The only thing which might strike a casual visitor as curious is that table set up in the corner with a plate and silverware for one, a beer mug empty and turned upside down, even as unopened bottles of beer accumulate during the afternoon and evening. There is a small square of black fabric draping this table, which is centered underneath the POW/MIA banner which hangs on the wall – the table set for those who are not able to return to Luna City for the Veteran’s Day BBQ at the VFW. Their friends buy them a beer, though. By unspoken understanding, the money paid for those beers goes into a gallon glass jar which once contained pickle relish … and at the end of the evening the cans and bottles lined up on the black-draped table are put back into the storeroom. The day after the BBQ, the money in the pickle relish jar is forwarded to a military charity which sends comforts to those troops deployed overseas.

And that is Veteran’s Day in Luna City.

The little town of Luna City is not a city at all, as most people understand these things. It is a small Texas town grown from a single stone house built by an immigrant Bohemian stone-mason in 1857, at a place where an old road between San Antonio, Beeville, and points south forded a shallow stretch of river. The railway was supposed to come through where Luna City was planned to be – and the city fathers confidently expected it to become the county seat. Alas, when Dr. Stephen Wyler’s aunt Bessie eloped with a smooth-talking engineer on the Galveston, Harrisburg and San Antonio Railway, her father – who owned much of the land in the district – was furious. The railway, he stormed, was an invitation to vice and debauchery of every kind, a threat to the virtue of young women and girls – and so he saw that it never came to Luna City; although there had been a generous space allotted in early plans of Luna City for the usual magnificent Beaux Arts-style county courthouse in the square at the center of town. That expectation also came to naught; the county seat stayed in Karnesville, and since then, Luna City has made very little effort to attract the casual tourist.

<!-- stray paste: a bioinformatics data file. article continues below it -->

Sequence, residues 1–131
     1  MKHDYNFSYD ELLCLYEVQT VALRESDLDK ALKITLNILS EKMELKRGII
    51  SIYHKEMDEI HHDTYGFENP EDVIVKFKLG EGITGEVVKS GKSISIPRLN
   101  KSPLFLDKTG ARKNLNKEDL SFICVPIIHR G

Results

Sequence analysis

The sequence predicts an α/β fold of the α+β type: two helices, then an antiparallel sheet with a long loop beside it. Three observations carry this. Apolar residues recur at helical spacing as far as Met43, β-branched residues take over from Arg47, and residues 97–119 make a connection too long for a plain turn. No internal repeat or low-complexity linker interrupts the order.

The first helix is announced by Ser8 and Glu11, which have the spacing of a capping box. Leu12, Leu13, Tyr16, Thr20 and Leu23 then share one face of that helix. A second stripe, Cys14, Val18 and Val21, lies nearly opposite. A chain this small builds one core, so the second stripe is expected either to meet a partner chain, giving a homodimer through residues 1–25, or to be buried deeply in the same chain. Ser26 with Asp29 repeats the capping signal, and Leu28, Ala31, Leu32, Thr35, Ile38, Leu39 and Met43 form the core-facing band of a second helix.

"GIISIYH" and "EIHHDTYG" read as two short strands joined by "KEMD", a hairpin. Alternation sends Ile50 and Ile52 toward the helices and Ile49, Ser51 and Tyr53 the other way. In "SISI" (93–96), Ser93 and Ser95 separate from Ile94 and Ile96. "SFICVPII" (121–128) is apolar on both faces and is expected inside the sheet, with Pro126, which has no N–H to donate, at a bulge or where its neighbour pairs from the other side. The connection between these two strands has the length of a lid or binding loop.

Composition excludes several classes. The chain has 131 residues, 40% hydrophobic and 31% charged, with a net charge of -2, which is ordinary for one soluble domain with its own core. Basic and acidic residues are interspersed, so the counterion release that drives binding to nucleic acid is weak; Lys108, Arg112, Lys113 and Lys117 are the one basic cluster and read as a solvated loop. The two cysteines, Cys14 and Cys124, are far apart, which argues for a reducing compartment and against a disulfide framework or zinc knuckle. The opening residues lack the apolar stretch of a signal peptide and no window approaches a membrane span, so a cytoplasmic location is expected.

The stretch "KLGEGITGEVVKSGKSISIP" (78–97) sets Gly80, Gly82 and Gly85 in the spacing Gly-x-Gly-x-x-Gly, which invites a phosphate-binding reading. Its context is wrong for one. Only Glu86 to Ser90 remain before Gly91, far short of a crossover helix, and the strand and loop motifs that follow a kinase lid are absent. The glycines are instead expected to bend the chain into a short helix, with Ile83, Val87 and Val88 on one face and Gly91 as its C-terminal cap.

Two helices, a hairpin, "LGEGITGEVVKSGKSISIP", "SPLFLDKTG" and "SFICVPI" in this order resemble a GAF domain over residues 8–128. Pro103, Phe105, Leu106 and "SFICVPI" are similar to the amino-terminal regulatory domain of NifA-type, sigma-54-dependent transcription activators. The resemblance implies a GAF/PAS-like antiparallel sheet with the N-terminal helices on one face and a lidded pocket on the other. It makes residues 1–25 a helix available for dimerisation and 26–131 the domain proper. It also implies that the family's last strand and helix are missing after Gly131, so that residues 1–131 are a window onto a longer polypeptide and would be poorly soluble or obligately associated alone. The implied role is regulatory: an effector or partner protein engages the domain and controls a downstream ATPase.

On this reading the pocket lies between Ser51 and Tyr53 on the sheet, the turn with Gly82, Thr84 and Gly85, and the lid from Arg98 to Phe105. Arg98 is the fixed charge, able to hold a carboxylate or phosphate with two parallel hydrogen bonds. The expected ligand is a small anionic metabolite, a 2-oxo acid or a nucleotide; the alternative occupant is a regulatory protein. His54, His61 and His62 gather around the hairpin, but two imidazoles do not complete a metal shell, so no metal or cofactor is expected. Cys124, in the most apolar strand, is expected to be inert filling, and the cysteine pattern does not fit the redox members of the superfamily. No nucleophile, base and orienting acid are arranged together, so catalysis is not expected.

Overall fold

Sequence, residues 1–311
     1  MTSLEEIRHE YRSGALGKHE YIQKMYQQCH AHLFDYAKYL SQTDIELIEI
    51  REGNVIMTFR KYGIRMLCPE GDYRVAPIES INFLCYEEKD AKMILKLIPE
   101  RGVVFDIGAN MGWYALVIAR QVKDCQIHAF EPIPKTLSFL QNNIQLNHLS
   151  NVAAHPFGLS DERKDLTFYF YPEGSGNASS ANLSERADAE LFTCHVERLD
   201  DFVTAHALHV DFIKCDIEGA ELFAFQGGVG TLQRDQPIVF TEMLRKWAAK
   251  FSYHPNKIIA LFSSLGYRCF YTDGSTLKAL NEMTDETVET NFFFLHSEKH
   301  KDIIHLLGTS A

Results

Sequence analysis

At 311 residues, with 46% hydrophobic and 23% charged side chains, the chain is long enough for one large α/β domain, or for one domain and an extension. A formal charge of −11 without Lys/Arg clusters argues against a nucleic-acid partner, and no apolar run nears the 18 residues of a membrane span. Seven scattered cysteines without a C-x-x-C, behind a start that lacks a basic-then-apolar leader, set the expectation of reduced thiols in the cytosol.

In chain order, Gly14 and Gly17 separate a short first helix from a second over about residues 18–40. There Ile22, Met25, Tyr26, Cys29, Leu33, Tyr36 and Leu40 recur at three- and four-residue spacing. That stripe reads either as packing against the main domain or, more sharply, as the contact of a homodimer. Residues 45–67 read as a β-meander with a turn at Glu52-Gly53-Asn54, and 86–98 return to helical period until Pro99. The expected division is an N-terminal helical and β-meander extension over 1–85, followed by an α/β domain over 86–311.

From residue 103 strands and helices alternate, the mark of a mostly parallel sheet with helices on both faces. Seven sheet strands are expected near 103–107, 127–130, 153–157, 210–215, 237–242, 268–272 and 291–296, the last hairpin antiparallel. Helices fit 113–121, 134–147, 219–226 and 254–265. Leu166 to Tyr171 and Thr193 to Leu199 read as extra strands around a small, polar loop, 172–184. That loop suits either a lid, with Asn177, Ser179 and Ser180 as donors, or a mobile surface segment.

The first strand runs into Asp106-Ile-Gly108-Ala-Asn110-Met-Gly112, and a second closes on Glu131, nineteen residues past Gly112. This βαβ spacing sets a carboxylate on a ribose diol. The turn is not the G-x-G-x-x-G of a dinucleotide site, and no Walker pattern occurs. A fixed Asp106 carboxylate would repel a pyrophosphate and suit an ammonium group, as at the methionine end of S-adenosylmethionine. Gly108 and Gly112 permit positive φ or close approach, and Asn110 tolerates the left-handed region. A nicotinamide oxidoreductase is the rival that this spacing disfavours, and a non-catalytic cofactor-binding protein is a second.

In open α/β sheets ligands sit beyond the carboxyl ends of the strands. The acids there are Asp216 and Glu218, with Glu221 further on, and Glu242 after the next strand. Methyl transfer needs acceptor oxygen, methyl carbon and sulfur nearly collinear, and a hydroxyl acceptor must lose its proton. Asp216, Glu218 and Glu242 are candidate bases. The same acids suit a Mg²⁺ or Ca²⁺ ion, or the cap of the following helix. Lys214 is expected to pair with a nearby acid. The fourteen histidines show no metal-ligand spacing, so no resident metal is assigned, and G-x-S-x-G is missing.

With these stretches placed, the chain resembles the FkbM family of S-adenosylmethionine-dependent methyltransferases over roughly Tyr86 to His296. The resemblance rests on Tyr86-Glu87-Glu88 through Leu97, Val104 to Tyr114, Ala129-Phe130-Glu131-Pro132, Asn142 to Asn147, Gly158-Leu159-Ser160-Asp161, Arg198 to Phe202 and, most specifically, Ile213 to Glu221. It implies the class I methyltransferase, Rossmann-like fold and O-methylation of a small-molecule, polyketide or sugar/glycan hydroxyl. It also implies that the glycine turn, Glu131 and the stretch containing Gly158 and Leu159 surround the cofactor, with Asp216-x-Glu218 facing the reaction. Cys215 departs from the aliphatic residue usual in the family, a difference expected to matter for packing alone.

Travelers on the farm-to-market road going north or south will pass by the Tip-Top Ice House, Grocery and Gas, perhaps note the four-square house of limestone blocks owned by the last descendant of Arthur Wells McAllister – the surveyor who first drew up the plat of Luna City in 1876, and drive on. They might also note the metal towers, ladders and chutes of Bodie Feed & Seed Supply, looming on the distant horizon – but definitely will miss the disintegrating sign advertising the Age of Aquarius Campground and Goat Farm. Anyone looking for that establishment already knows where it is … and that clothing there is optional. Jess Abernathy, who does the finances for Sefton and Judy Grant has mentioned to them now and again, that they ought to get a new sign or have the old one repainted and repaired, but Sefton and Judy aren’t into the realities of advertising and commerce in this … or really, any age. This exasperates Jess, but then she is the fifth generation of a Luna family with commerce bred into their bones and blood; her father and grandfather run Abernathy Hardware, housed for all this century, every decade of the previous and fifteen years of the one before that in a looming Victorian commercial building on Town Square with a cornice which looks as if it is about to topple over onto the sidewalk below.